Marshal of Montesquiou, nephew of famous musketeer d’Artagnan – painting by Sophie Rochard / Château de Versailles
 

Dom Pérignon’s secret – Obssession with Perfection

What made Dom Pérignon’s wines so special? Many different things, but the defining reason was his obsession with perfection. No small step was unimportant, every part of his wine making technique was subject to analysis and improvements, something that was in the spirit of the times. He took extreme care in vine growing and hiring good personnel. During the harvest he would taste the grapes from different parcels to decide how to balance each ones qualities resulting in an improved blend.
 
Dom Pérignon has grapes brought to him - painting by José Frappa, property of Moët et Chandon
Dom Pérignon has grapes brought to him – painting by José Frappa, property of Moët et Chandon
 
Grape picking and transporting was a very delicate moment, so the bunches wouldn’t break and start leaking.
 
Harvest in Hautvillers / France
 
Pressing was another crucial moment, it was a job for an effective team working around the clock to ensure the best juices, and they were separated according to how clear they were.
 
Pneumatic basket press at Champagne Dom Caudron – Passy-Grigny / France
 
After fermenting, barrels needed to be perfectly aligned so that no air would be left inside leading to mold and they would be racked three weeks after fining, to prevent these sediments from reappearing in the final wine.
 
Oak barrels at Champagne Henri Giraud – Ay / France
 
As you can see, there was an enormous amount of care and knowledge that went into producing wines in that famous monastery.
 

Dom Pérignon – the Legacy

When Dom Pérignon died in 1715, sparkling champagne wine was increasingly becoming an industry in France. Louis XV was crowned in Notre-Dame Reims in 1722, when for the first time sparkling champagne was served in a royal coronation feas. By that time, everybody had all but forgotten about the contribution of the English bottles.
 
Bottle served during Louis XV coronation – Palais du Tau / France – picture by Terre de Vins
 
Dom Pérignon’s memory survived first for what he was known in life: being the superb composer of the best cuvées of exquisite wines sold in barrels from Hautvillers monastery. In the 19th century, however, many started comfortably attributing the invention of champagne to him.
 
On its June 14th 1914 edition , a popular magazine from Paris called Petit Journal, published a drawing of Dom Pérignon discovering the sparkling wine on its Sunday cover.
 
Petit Journal cover on June 1914 depicting Dom Pérignon
Petit Journal cover on June 1914
 

Dom Pérignon – the Brand

In the 19th century, Paul Chandon de Briailles, part of Moët et Chandon, bought the old properties of the abbey and lived in it until his death, legating it to his family. The church was given to the municipality in 1905, and the rest entered LVMH property when the company went public. Moët et Chandon has been using it for private receptions and entertaining VIP guests, but recently started a big renewal which will make it into a hotel, restaurant and tasting facilities.
 
Champagne Dom Pérignon P2 2003 bottle - Moët et Chandon Epernay / France
Champagne Dom Pérignon P2 2003 – Moët et Chandon Epernay / France
 
Famous champagne entrepreneur Eugène Mercier had patented the name Dom Pérignon for future use, and it was ceded as a gift for the wedding of Paul Marie Bernard Chandon-Moët with Francine Durand-Mercier, his grand-daughter, in 1927. It wasn’t until 1935, during the economic downturn, that Robert-Jean de Vogüé of Moët & Chandon, inspired by journalist Laurence Venn’s idea, launched the luxury bottles of 1926 vintage specifically for the British market to honor the distributor Simon Brothers & Co’s centenary.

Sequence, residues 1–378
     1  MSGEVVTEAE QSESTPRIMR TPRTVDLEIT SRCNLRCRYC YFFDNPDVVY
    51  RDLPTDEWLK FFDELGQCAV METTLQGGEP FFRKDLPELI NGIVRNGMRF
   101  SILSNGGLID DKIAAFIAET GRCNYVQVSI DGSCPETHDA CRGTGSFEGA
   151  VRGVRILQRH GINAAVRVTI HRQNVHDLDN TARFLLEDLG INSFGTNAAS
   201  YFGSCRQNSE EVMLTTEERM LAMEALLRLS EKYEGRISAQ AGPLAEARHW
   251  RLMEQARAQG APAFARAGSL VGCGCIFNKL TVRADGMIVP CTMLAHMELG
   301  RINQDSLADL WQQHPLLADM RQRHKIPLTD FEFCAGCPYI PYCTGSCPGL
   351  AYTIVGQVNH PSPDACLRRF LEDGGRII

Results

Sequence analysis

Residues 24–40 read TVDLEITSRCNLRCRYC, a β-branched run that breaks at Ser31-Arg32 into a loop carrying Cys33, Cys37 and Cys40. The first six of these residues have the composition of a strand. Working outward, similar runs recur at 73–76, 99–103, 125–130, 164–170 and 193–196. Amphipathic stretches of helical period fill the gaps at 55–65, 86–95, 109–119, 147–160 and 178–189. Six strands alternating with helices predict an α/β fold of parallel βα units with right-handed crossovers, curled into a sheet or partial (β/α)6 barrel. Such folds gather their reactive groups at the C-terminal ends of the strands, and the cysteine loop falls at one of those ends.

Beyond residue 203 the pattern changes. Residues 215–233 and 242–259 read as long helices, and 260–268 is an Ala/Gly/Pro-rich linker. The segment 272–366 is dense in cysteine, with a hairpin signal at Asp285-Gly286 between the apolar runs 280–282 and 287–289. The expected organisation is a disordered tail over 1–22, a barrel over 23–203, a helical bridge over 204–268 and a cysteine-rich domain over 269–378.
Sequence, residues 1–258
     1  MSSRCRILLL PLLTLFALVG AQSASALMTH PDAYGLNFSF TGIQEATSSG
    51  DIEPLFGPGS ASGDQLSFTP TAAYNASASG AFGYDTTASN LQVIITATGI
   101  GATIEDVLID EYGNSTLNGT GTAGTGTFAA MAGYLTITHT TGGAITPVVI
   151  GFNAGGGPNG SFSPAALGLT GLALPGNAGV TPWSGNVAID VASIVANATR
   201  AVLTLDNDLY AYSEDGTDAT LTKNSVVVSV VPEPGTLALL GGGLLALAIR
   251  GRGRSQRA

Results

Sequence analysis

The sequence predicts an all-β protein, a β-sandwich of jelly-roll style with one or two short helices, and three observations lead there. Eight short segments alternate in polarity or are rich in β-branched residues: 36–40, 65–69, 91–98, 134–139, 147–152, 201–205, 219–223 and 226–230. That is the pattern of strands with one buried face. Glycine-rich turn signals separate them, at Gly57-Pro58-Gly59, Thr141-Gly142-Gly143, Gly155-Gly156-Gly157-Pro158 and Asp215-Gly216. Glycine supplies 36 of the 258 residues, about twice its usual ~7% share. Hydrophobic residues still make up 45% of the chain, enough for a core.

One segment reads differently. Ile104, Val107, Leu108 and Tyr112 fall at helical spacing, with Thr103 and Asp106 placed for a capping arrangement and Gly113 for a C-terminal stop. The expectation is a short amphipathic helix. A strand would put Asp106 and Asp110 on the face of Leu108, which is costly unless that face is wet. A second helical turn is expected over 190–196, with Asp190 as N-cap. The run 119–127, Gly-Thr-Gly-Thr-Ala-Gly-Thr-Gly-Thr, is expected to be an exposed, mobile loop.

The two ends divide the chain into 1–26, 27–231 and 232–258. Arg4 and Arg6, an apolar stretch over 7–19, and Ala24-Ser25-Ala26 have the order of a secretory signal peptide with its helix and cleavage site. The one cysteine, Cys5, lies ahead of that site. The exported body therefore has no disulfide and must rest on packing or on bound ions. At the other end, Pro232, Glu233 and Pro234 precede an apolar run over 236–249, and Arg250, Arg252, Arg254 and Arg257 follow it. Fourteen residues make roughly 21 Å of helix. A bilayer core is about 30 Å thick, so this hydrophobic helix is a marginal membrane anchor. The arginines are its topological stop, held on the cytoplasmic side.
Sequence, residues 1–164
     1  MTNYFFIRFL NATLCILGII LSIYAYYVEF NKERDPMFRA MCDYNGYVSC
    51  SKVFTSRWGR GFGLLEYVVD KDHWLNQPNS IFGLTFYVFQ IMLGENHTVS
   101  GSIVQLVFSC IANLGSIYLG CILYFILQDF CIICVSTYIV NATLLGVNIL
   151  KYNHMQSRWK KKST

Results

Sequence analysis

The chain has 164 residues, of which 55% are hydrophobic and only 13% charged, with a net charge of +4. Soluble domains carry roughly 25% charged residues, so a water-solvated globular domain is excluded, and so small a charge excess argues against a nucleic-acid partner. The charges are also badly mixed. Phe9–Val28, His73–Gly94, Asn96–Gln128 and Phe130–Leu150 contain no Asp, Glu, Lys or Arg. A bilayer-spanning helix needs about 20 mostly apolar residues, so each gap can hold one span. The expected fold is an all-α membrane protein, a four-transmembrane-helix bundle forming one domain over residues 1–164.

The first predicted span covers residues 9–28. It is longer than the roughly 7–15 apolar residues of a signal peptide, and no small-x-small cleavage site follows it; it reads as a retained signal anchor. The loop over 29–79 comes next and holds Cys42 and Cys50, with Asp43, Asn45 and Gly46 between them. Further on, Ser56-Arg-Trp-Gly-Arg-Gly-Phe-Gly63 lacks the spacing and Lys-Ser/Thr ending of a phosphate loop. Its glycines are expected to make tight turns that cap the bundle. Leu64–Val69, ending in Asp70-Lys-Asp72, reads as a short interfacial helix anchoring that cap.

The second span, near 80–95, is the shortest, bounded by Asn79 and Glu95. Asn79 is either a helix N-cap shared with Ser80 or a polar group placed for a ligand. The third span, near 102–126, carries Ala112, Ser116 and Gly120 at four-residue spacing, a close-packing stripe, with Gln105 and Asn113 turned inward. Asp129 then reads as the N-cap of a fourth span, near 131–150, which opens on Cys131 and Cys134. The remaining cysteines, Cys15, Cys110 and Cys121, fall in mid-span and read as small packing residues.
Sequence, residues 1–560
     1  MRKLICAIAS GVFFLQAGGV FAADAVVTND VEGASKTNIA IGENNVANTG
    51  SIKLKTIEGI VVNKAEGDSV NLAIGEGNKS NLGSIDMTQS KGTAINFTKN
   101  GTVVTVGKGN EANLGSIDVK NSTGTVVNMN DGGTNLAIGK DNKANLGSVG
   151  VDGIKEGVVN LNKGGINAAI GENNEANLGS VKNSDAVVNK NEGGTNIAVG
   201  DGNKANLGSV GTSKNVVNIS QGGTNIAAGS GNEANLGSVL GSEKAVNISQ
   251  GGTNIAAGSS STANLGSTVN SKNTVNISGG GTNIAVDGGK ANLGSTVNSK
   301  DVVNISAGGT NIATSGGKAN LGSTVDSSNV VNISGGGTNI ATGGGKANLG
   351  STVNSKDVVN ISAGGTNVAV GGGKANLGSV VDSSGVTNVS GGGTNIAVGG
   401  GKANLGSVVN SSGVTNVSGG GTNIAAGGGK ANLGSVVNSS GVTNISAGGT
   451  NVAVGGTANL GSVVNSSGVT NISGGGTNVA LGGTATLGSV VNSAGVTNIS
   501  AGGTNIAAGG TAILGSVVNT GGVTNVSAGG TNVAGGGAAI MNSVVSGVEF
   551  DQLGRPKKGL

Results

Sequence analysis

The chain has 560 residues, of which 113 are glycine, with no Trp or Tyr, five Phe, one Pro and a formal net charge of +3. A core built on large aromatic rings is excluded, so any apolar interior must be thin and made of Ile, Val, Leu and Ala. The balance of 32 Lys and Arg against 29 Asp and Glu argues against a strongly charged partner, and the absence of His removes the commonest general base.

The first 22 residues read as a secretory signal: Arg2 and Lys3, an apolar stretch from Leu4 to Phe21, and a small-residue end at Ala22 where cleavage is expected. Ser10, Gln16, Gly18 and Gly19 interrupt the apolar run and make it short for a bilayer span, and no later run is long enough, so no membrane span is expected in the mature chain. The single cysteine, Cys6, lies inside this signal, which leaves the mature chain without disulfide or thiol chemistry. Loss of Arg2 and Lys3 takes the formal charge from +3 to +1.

The success of this approach led him to produce in 1936 the first bottles of Dom Pérignon with its distinctive shield, carrying the emblematic 1921 vintage, considered by many the best year for white wines in France. This move to target high-end clientele with an exclusive product was a strategic pivot from the traditional approach of maintaining high prices for top-tier customers.
 
Book about Robert-Jean de Voguë – higly recommended
 
From there, the brand went on to become the most popular prestige champagne in the world. It was Marilin Monroe‘s favorite champagne. James Bond was fond of Dom Pérignon before Bollinger became the staple in the movies.
 
The 1961 vintage was made into special edition magnums and shipped for Prince Charles and Princess Diana’s marriage in 1981.
 
In the 1990’s, Dom Pérignon surfed the coattails of hip-hop infatuation with champagne in the nightclubs.
 
Star Trek’s 1994 film called Generations starts with a bottle of fictional Dom Pérignon 2265 vintage floating in space that finally breaks into the hull of USS Enterprise-B and christens it.
 
 
More recently, Dom Pérignon’s became a brand that stands to slowly separate itself from Moët et Chandon. They are always vintages, using only stainless steel, with grapes of Pinot noir and Chardonnay from Premier and Grand Cru vineyards in Champagne.
 
So the monk becomes legend, becomes brand, becomes a luxury symbol. And it’s good. As Talleyrand would say to Jean-Remy Moët: “My dear Mr. Jean-Rémy Moët, you are a man predestined for the future. I declare that, thanks to this glass and its contents, your name will sparkle longer and much better than ours.”
 
Engraving showing Napoleon visiting Jean-Remy Moët in the 19th century
 

Closing remarks

I find it very interesting that champagne became such a recognizable wine in the world, and at the same time the average person won’t register champagne as WINE. The instant image in our brain is of a celebration filled with well dressed people joyfully chatting and laughing, popping a bottle and filling flutes with foaming sparkling. When we talk about Château Margaux, you’ll think about terroir, old vines and muddy boots instead.
 
The history of champagne is so intertwined with technological and societal turns that marketing and tradition are inseparable, as to create one lasting impression in us, the ultimate symbol of elegant celebration, the reward that represents party itself. And we are richer for that.
 
But let’s not forget from where all of that came and comes from: the radiant light of a small star, the chalky soils of this time beaten land, the moisture from the Marne river and the Parisian basin, the twisted trunks of Vitis vinifera plants, the sacrificed lives of the countless vinegrowers new and old, the unwavering dedication of wise men of religion and letters and science.
 
 
 
 
 
I hope you had fun reading this article. Now go pay hommage to Dom, open a nice bottle of champagne.
 
Main Bibliography: